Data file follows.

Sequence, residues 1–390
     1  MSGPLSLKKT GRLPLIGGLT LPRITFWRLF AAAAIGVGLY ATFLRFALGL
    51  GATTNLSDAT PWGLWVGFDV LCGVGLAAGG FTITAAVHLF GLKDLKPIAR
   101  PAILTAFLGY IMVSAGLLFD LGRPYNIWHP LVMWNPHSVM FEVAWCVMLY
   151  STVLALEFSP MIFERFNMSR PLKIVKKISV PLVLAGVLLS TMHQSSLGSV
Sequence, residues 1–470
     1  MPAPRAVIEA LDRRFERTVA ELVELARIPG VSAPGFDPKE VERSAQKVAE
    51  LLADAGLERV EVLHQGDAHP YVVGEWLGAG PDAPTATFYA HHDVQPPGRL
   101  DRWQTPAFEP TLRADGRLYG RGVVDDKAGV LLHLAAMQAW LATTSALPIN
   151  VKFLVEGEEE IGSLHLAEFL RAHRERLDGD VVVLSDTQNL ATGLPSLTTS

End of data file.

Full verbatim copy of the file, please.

Sequence, residues 1–390
     1  MSGPLSLKKT GRLPLIGGLT LPRITFWRLF AAAAIGVGLY ATFLRFALGL
    51  GATTNLSDAT PWGLWVGFDV LCGVGLAAGG FTITAAVHLF GLKDLKPIAR
   101  PAILTAFLGY IMVSAGLLFD LGRPYNIWHP LVMWNPHSVM FEVAWCVMLY
   151  STVLALEFSP MIFERFNMSR PLKIVKKISV PLVLAGVLLS TMHQSSLGSV
Sequence, residues 1–470
     1  MPAPRAVIEA LDRRFERTVA ELVELARIPG VSAPGFDPKE VERSAQKVAE
    51  LLADAGLERV EVLHQGDAHP YVVGEWLGAG PDAPTATFYA HHDVQPPGRL
   101  DRWQTPAFEP TLRADGRLYG RGVVDDKAGV LLHLAAMQAW LATTSALPIN
   151  VKFLVEGEEE IGSLHLAEFL RAHRERLDGD VVVLSDTQNL ATGLPSLTTS